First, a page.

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Reviewed by:
  • Encyclopedia of Witchcraft: The Western Tradition
  • H. C. Erik Midelfort
Richard Golden . Encyclopedia of Witchcraft: The Western Tradition. 4 vols. Santa Barbara, Calif.: ABC-Clio, 2006. Pp. xxxvi + 1238.

The world of scholarship has been eagerly awaiting this ambitious encyclopedia for several years. Its most comprehensive predecessor has long been The Encyclopedia of Witchcraft and Demonology (1959, with 227 entries), by the medieval English literary scholar Rossell Hope Robbins. Recent smaller entries into this field have not been an adequate substitute for a thorough reassessment of the state of this burgeoning area of historical research.1 Robbins’s work summarized much of what was known and thought before scholars began their systematic assault upon the archival records of witchcraft trials, and so it is not surprising that his entries on many individual demonologists have stood the test of time better than his attempts to survey the history of [End Page 87] actual witchcraft trials. In fact, Richard Golden’s four volumes with 758 entries, co-edited by six other prominent scholars and written by an international team of 170 experts (29% of them women) from 29 countries, combine such a wealth of knowledge from so many countries and cover so many aspects of the history of witchcraft, that they can serve as a means to assess the health, progress, and maturity of various subfields. In this review I will confine myself to the main emphases of the editors and of the authors they recruited.

One should note at the outset that although the subtitle of the Encyclopedia is “The Western Tradition,” the vast majority of articles deal with European witchcraft between the years 1400 and 1750, that is, the years of the so-called great European witch hunt. A dozen learned articles treat ancient Greek and Roman witchcraft (e.g., “Homer,” “Medea,” “Greek Magical Papyri,” “Horace,” “Defixiones,” “Laws on Witchcraft—Ancient,” “Apuleius of Madaura”), and there are a few essential entries on the Bible (e.g., “Bible,” “Moses,” “Exodus 22:18,” “the witch of Endor”). Similarly, key medieval thinkers (e.g., Gratian, John of Salisbury, Thomas Aquinas, Pope John XXII) and key medieval documents (e.g., the Canon Episcopi, “Laws on Witchcraft—Medieval”) attract a small bouquet of usefully learned articles. But these entries pale in comparison with the huge number of often overlapping articles treating the late Middle Ages and the early modern period.

The reason is not far to seek. The fundamental subject of Golden’s Encyclopedia is not so much the broad topic of witchcraft, demonology, or magic (as a belief or a practice) but the escalating series of witchcraft prosecutions that plagued much of Europe in the three centuries after 1420. So overwhelming is the emphasis on witchcraft trials that one can say that these volumes are now not only the single best place to begin the study of European witchcraft but actually also the best introduction to the comparative history of early modern European criminal procedure. E. William Monter has contributed sharply focused articles on “Accusations,” “Acquittals,” “Appeals,” “Confessions” (with Jonathan Durrant), “Confiscations,” and a more general survey entitled “Geography of the Witch Hunts,” while Edward Kern has provided articles on “Courts—Ecclesiastical,” “Courts—Inquisitorial,” and “Courts—Secular.” Vincinzo Lavenia treats some of the same topics, however, under “Episcopal Justice,” while Peter Dinzelbacher goes over some of this material again in “Inquisition—Medieval.” In addition, there are separate articles on the Portuguese, Roman, Spanish, and Venetian Inquisitions, as well as a general entry on “Inquisitorial Procedure” by Brian Levack, who has also contributed a substantial piece on “Torture.” There is even a separate entry on “Trials.” Along these same lines, Wolfgang Behringer has contributed a substantial [End Page 88] article on “Laws on Witchcraft—Early Modern,” Robert Thurston has contributed “Proof, Problem of,” while Robin Briggs has offered another article dealing with the “Parlement of Paris.” Near the end of the Encyclopedia, Rita Voltmer wraps up much of this material in an effective summary entitled “Witch Hunts,” but this summary does not by any means exhaust the list of legally focused entries.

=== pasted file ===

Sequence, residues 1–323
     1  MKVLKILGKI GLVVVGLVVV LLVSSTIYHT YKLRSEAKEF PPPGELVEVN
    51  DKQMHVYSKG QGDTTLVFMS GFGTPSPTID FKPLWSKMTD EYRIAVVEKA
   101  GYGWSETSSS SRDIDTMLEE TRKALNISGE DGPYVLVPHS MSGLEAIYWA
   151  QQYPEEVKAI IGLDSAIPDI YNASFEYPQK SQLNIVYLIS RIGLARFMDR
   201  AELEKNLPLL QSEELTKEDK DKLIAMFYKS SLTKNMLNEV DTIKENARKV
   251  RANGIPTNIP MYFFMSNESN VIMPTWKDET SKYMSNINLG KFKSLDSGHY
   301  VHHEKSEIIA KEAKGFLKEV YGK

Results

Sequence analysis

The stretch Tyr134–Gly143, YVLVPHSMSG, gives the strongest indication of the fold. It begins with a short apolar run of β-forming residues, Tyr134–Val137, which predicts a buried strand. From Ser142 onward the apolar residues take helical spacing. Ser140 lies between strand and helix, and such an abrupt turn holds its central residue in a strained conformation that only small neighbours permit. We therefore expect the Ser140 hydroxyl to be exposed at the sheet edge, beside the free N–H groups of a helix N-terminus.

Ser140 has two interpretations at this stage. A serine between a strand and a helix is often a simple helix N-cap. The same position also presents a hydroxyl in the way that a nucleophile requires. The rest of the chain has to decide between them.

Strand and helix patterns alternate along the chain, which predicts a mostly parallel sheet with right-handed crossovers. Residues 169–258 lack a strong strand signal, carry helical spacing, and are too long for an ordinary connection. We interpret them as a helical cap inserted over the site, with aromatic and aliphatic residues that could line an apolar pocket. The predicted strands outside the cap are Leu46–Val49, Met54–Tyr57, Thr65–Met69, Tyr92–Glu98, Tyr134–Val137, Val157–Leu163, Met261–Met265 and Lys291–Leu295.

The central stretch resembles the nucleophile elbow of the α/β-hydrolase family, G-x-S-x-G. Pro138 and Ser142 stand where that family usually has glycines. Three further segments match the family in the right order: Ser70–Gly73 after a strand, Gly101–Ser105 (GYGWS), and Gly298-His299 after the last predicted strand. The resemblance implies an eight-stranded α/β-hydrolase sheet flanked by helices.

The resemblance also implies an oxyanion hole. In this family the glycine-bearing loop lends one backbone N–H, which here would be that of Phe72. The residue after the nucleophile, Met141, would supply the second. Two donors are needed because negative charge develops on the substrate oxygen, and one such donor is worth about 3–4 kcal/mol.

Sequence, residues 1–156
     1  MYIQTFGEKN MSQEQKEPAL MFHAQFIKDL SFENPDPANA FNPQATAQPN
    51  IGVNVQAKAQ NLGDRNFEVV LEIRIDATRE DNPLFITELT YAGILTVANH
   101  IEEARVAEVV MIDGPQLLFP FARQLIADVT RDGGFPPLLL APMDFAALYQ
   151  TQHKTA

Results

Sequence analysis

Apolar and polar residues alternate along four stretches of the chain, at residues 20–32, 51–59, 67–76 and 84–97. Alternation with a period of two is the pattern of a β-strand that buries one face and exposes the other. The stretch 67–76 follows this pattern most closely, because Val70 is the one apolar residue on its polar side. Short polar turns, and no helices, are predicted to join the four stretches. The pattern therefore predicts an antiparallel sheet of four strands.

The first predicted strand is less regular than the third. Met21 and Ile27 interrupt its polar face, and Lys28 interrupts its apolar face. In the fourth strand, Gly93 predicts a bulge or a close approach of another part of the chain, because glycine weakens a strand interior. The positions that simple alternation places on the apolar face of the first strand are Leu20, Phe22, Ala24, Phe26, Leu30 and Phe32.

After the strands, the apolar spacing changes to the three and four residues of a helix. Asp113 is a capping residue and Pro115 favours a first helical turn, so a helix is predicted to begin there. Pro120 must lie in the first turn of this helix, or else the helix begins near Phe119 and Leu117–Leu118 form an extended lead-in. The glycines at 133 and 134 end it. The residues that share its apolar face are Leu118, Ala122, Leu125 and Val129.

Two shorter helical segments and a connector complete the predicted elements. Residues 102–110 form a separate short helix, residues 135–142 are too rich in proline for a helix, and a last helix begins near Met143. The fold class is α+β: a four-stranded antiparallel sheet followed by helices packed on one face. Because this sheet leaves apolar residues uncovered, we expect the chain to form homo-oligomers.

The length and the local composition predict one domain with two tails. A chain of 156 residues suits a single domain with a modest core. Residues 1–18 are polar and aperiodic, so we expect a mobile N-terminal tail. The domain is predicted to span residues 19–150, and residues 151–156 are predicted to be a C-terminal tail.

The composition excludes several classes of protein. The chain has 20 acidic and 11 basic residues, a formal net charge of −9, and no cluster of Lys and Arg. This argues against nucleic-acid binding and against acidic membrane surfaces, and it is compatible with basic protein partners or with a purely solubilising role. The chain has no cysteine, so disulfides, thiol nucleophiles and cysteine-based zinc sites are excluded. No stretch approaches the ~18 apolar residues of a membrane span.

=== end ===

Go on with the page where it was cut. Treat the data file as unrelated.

The upshot of so much information on trials and procedure is that we can now understand the varying intensity of the...


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